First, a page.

the sentence imposed as to counts III through VII to be served consecutively and to commence after the sentences imposed in the federal case were served. From the judgments entered on the counts of each information, Reuben and Hendricks appeal.
On appeal Hendricks questions the sufficiency of the evidence properly before the jury to support his conviction on the conspiracy count and both Hendricks and Reuben question the sufficiency of the evidence to establish their guilt as to various of the substantive crimes. Both appellants contend that prosecutorial misconduct, errors of the trial judge and the ineffectiveness of their counsel denied them a fair trial. In addition, Reuben, in a brief filed after the filing of a brief on his behalf by his court-appointed attorney, raises a number of contentions. Finally, the appellants contend that separate sentences on the federal and territorial counts were improperly imposed.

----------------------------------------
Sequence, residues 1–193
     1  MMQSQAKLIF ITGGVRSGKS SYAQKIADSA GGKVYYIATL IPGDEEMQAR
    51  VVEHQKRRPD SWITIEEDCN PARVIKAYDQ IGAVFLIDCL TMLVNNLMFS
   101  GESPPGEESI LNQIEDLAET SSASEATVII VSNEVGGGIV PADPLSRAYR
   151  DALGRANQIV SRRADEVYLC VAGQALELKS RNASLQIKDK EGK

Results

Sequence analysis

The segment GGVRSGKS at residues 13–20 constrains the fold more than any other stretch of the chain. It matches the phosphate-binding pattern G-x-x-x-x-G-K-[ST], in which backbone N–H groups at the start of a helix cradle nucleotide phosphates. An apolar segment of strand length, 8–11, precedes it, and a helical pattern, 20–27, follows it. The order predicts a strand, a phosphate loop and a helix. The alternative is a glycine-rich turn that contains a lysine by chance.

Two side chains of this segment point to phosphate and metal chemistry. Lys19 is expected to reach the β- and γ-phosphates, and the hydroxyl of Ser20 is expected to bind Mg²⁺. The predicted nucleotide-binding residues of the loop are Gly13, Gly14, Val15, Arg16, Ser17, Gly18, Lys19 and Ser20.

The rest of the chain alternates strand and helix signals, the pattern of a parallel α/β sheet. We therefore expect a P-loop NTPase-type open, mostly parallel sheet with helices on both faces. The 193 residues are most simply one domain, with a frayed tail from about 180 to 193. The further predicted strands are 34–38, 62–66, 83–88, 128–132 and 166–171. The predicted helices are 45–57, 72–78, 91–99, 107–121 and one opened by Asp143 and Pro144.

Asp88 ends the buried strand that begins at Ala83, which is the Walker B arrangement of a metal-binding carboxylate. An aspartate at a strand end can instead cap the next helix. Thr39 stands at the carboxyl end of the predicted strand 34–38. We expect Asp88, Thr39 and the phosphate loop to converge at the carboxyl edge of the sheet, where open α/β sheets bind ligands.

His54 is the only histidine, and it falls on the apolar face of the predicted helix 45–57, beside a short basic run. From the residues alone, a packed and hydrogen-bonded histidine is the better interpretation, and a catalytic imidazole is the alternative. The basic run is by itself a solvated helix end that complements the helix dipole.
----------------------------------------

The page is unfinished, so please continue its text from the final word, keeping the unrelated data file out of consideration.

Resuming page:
We will deal first with the question raised by Hendricks concerning the sufficiency of the admissible evidence to convict him of conspiring to commit armed bank robbery. He contends that evidence offered by the prosecution to prove that he conspired with his codefendants to rob the Bank of America was inadmissible hearsay erroneously submitted to the jury. He refers us to the settled rule that the extrajudicial declarations of a coconspirator may not be utilized to prove a defendant's guilt of conspiratorial conduct unless and until the trial judge is satisfied that the prosecution has presented sufficient nonhearsay evidence of such conduct. United States v. Nixon, 418 U.S. 683, 701, 94 S.Ct. 3090, 3104, 41 L.Ed.2d 1039 (1974). Hendricks contends that the government failed to present the required independent evidence.